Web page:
The Montreal Convention

The Convention is the primary piece of legislation that deals with all aspects of your carriage on an aircraft. The ‘Law’ is made by the International Civil Aviation Organisation (ICAO) which is part of the United Nations and deals with International Aviation matters. It provides for one set of rules but those rules are often subject to difficulties and you may need further assistance to help resolve any dispute you have with an Airline (note: in the Convention they are referred to as ‘Carriers’).

We shall deal with:

  1. Death & Injury;
  2. Lost, Delayed or Damaged Baggage;
  3. Compensation Levels.

The areas we shall cover are found in Part III of the Convention, principally under Articles 17, 19, 21, 22, 31 & 35.

Article 17 deals with Death & Injury and bizarrely, Damage to Baggage!

Article 17 (1) tells us that the Airline is ‘liable’ only if the death and injury occurred ‘on board the aircraft’ or whilst ‘embarking or disembarking’. It is important to note that the Convention refers to ‘bodily injury’ and this has caused wide debate wand difficulties, for example with DVT, which does not qualify. It is vitally important to make sure that if you have been injured on-board an aircraft that you speak with us as soon as possible so that we can help you determine this difficult issue.

Article 21 provides an indication on compensation for Death or Injury. Compensation is expressed as Special Drawing Rights or SDR’s. An SDR is a form of International currency operated by the International Monetary Fund. It is calculated against 4 currencies, the US$, the Euro €, the GBP£ and the Japanese Yen ¥. You can calculate an SDR’s value through this link.

The Article states that that for claims that fall below 100,000 SDR’s ‘the carrier shall not be able to exclude or limit its liability’.

However, where a claim for Death or Injury exceeds 100,000 SDR’s the Airline may not be liable to pay this compensation if they can prove:

“(a) such damage was not due to the negligence or other wrongful act or omission of the carrier or its servants or agents; or

(b) such damage was solely due to the negligence or other wrongful act or omission of a third party”

Article 17 (2) again tells us that the Airline is ‘liable’ only if your ‘checked’ baggage was destroyed, lost or delayed only if it occurred whilst the baggage was ‘on board the Aircraft’ or in the ‘charge of the carrier’. The Convention provides a defence to the Airline if they can show that the damage to the baggage was due to a ‘defect’ of the baggage. It also states that damage to ‘unchecked baggage’ will make the Airline liable if the damage was due to the fault of the Airline or its ‘agents or servants’.

Article 17 (3) provides that if the Airline admits the loss of your checked baggage, after 21 days, then the Consumer can enforce their rights as found in the terms and conditions of carriage (You should make sure you make a written complaints without delay!).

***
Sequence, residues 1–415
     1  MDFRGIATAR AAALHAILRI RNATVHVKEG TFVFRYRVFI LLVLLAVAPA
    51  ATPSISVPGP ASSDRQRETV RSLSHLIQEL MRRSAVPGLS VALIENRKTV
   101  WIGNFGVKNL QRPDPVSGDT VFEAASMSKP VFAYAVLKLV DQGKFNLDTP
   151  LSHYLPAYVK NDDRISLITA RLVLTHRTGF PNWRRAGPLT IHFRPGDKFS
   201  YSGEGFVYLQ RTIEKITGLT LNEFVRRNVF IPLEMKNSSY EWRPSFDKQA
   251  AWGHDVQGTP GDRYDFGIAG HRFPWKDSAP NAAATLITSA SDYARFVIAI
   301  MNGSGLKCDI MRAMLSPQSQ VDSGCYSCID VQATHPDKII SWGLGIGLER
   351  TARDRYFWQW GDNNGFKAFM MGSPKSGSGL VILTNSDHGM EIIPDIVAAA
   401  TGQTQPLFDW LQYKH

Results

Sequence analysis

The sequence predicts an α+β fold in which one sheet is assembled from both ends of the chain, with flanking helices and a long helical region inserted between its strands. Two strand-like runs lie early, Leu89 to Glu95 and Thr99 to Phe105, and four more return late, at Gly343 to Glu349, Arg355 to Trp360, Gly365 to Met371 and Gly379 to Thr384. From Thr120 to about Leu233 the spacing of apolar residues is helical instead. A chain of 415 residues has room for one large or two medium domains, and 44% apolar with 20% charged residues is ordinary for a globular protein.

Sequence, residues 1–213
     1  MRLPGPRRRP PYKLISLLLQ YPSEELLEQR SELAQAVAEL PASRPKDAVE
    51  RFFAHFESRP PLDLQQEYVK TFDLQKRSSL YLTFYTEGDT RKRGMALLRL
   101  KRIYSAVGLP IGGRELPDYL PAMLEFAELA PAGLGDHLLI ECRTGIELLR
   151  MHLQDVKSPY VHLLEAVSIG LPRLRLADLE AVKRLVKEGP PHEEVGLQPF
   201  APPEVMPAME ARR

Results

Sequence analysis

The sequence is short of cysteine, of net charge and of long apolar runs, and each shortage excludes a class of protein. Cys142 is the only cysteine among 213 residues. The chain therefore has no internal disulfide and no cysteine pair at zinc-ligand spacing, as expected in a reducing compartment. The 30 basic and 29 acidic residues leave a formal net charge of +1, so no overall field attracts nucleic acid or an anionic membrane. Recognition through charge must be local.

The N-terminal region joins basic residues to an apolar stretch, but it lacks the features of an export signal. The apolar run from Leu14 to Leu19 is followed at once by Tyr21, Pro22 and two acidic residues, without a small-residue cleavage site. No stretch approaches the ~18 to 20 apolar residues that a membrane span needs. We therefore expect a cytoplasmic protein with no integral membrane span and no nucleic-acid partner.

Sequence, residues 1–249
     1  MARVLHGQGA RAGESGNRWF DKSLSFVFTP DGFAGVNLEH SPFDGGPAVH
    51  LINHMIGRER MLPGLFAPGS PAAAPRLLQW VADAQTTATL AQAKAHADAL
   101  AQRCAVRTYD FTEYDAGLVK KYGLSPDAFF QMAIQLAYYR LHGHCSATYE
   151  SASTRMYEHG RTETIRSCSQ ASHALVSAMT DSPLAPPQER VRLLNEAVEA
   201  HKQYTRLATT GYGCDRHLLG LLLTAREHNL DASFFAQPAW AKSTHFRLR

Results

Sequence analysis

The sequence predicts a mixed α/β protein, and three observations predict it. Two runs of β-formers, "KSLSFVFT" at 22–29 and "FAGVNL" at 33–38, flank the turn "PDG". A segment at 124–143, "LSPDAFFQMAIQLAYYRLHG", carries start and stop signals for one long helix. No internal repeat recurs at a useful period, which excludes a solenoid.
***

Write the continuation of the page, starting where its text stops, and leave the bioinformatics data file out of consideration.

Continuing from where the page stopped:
Article 19 deals with Delays to Baggage. It also deals with delays caused to passengers and cargo.

The Article sets out that the Airline is liable for any delay but not if it can show that the Airline, its agents and servants, ‘took all measures that could reasonably be required to avoid the damage or that it was impossible for it or them to take such measures’.

Article 22 deals with the levels of compensation payable for destruction, delay, damage or loss to baggage (it also deals with delay to cargo & passengers). It expresses compensation levels again as SDR’s.

Article 22 (2) advises that where the claim relates to baggage, compensation is limited to 1,000 SDR’s per passenger. However this can be increased if:

  1. The passenger at the time of checking in;
  2. Makes a ‘special declaration of interest in delivery at destination’;
  3. And has paid a ‘supplementary’ sum if required;
  4. The Airline is required then to pay the ‘declared’ sum, but note the Airline can resist if;
  5. ‘it proves that the sum is greater than the passenger's actual interest in delivery at destination’.

Article 22 (5) however provides another defence to the Airline! The defence seems to suggest that if the Damage to Baggage was done in the ‘scope of its employment’, then the Airlines and their agents and servants would escape having to pay compensation!

One of the principle areas where Consumers get into difficulty is providing notices as required by the Convention. The simple rule is if your bag is delivered damaged at the carousel, or is delayed or lost, DO Not leave the baggage reclaim area without completing a Property Irregularity Report (PIR) –you will find these at either the information or airline desks within the arrivals hall at the airport!

Article 31 states that:

  1. Receiving your checked baggage without complaints is ‘prima facie evidence that the same has been delivered in good condition’;
  2. Where checked baggage has been damaged, you must complain in writing to the Airline ‘forthwith’or at the latest, within 7 days of receiving your damaged baggage;
  3. Where your baggage has been delayed, then you must complain in writing to the Airline within 21 days from the date at which the baggage has been ‘placed at his or her disposal’.
  4. The Article is quite clear at 31 (4):
    1. ‘If no complaint is made within the times aforesaid, no action shall lie against the carrier, save in the case of fraud on its part’.

Article 35 declares that the Limitation Period for any action under the Convention is 2 years!